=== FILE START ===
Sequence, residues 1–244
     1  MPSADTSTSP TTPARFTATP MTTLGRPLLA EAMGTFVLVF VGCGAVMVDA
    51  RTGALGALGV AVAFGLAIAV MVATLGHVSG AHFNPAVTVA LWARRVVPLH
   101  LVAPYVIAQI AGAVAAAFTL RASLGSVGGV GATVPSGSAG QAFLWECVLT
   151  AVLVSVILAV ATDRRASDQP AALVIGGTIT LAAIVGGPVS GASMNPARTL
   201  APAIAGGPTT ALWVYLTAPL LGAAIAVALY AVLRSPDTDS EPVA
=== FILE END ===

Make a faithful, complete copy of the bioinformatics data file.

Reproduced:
Sequence, residues 1–244
     1  MPSADTSTSP TTPARFTATP MTTLGRPLLA EAMGTFVLVF VGCGAVMVDA
    51  RTGALGALGV AVAFGLAIAV MVATLGHVSG AHFNPAVTVA LWARRVVPLH
   101  LVAPYVIAQI AGAVAAAFTL RASLGSVGGV GATVPSGSAG QAFLWECVLT
   151  AVLVSVILAV ATDRRASDQP AALVIGGTIT LAAIVGGPVS GASMNPARTL
   201  APAIAGGPTT ALWVYLTAPL LGAAIAVALY AVLRSPDTDS EPVA